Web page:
close of business June 30 to $217,975,431 on July 31. On
July 31, 1937, the same banks had deposits aggregating
$216,704,389.

c/o of Change
Year
Month

STATES
Maryland ..............................................................
Dist. of Columbia ................................................
Virginia ..................................................................
West Virginia ......................................................
North Carolina ..................................................
South Carolina ...................................................

Percentage change from
June 1938 to July 1938
In number
In amount
on payroll
of payroll
— 0.9
+0.1
— 2.8
— 2.3
. — 2.9
— 1.2
— 0.5
+ 2.7
+4.5
+3.9
+2.5
+ 7.2

Commercial F ailures: The insolvency record in the
Fifth district was substantially worse in July than in the
United States as a whole. In comparison with failures
in July last year, the district had an increase of 107
per cent in number and a rise of 144 per cent in liabilities
in July this year, against increases of 61 per cent in
number and 39 per cent in liabilities in the Nation. The
Fifth district record for the year through July is better
than the National record, however, the number of insol­
vencies increasing 20 per cent in the district and 46 per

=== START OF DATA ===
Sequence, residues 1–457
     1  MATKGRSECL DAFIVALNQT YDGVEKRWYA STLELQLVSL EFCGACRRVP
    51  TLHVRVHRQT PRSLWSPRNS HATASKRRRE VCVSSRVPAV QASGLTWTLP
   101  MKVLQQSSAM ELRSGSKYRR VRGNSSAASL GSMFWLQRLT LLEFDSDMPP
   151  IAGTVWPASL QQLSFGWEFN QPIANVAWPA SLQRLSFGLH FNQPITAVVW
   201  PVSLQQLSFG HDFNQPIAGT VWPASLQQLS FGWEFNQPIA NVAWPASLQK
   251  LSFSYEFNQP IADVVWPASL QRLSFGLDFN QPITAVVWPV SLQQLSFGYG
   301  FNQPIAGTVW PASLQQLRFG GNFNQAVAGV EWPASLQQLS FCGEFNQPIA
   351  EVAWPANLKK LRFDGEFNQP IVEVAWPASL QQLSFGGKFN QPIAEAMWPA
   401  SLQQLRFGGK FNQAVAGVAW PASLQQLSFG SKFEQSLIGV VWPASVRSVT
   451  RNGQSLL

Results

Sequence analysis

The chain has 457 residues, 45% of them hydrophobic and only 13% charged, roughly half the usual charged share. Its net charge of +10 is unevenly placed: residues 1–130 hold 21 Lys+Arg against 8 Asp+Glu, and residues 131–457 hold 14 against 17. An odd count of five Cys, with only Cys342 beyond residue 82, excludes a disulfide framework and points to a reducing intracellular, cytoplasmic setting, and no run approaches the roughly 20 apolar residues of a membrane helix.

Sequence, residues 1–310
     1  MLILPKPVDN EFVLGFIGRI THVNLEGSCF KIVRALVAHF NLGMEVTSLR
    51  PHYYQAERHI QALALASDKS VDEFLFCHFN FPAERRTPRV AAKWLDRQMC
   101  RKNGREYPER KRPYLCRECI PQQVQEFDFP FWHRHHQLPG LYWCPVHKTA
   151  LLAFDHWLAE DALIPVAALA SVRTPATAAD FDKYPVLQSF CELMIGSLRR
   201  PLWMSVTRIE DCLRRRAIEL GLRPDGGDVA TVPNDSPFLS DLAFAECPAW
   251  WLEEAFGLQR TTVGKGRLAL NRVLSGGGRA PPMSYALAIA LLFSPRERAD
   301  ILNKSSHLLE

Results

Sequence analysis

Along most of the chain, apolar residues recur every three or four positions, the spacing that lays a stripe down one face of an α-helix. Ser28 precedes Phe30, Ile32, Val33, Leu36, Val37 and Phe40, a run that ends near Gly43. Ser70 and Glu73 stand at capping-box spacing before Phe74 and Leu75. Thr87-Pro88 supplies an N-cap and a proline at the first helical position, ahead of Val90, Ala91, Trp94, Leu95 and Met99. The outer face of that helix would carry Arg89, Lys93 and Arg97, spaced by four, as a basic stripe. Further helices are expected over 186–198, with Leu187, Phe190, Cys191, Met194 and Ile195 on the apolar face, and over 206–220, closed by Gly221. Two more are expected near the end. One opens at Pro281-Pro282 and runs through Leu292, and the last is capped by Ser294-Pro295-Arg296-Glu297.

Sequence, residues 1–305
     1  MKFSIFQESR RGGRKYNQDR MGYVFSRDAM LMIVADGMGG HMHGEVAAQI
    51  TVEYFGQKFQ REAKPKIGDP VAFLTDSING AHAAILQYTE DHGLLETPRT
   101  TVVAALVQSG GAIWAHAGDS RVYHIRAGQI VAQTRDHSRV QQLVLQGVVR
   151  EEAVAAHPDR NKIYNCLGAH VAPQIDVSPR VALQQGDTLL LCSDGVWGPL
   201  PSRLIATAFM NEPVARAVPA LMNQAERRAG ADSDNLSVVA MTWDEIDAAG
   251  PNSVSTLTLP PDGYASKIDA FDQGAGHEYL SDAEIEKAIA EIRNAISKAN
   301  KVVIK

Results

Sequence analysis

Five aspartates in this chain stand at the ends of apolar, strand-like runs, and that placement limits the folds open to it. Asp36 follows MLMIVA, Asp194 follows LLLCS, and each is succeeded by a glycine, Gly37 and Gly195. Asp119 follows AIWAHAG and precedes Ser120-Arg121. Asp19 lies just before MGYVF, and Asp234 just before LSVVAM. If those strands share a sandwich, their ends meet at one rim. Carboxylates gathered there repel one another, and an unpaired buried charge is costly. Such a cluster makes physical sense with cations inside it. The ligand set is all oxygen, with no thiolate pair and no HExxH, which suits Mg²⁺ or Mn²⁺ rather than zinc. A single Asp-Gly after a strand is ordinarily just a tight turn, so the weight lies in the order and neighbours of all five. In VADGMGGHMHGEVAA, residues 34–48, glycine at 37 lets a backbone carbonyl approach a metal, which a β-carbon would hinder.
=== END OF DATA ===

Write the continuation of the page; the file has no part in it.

cent in the United States, and aggregate liabilities in­
volved rising 57 per cent in the district and 62 per cent
in the Nation. Dun & Brad street insolvency figures are
as follows:

3

MONTHLY REVIEW
Number of failures
District U. S.

PERIODS

56
56
27
360
300

July 1938 ..........
June 1938 ..........
July 1937 ............
7 Months, 1938
7 Months, 1937 .

Total Liabilities
U. S.
District

995
1,018
618

$ 440,000
673.000
180.000

$ 10,793,000
12.236.000
7,766,000

7,661
5,260

$4,029,000
2,564,000

$101,655,000
62.581.000

The number of
new passenger automobiles registered in the Fifth district
in July was less than in June in all states except North
and South Carolina, and was much less than in July
last year in all states. North Carolina showed the small­
est decline from July 1937 registrations, while West Vir­
ginia showed the largest decrease. For the first 7 months
of 1938, Virginia registrations declined least from 1937
figures, with West Virginia again showing the largest
decrease. The following figures, compiled by R. L. Polk
& Co., of Detroit, show July and 7 months’ registration
figures for new passenger cars in Fifth district states:

A u to m o b ile N e w C a r R e g is t r a t io n s :

Registration of New Passenger Cars
STATES
Maryland . . .
Dist. of Coll
Virginia
West Va. . . .
No. Carolina
So. Carolina .
District . . .

July
1938
2,214
1,413
2,435
1,332
3,094
1,216
11,704

July
1937
4,809
2,880
4,679
3,597
5,455
2,710
24,130

%

Change
— 54
— 51
— 48
— 63
— 43
— 55
— 51

7 Months 7 Months
1938
Change
1937
-4 9
15,799
30,793
19,599
10,712
-4 5
18,901
— 43
32,955
10,123
— 59
24,473
17,774
— 48
34,164
8,480
-5 3
17,959
81,789
159,9
— 49

C o a l P r o d u c t i o n : Soft coal mined in the United States
in July 1938 totaled 23,460,000 net tons, an increase of 4